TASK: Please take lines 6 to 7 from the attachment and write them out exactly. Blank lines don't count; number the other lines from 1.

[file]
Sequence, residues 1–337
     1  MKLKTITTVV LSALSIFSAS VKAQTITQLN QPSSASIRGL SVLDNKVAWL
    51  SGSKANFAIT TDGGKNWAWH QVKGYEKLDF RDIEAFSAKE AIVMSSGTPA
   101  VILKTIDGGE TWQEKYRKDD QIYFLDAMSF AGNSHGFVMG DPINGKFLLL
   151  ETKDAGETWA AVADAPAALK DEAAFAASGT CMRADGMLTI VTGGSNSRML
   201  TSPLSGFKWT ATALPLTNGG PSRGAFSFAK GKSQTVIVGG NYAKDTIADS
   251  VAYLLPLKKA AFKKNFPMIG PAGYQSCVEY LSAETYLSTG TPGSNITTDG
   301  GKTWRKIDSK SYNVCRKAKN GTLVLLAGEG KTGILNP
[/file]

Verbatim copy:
   201  TSPLSGFKWT ATALPLTNGG PSRGAFSFAK GKSQTVIVGG NYAKDTIADS
   251  VAYLLPLKKA AFKKNFPMIG PAGYQSCVEY LSAETYLSTG TPGSNITTDG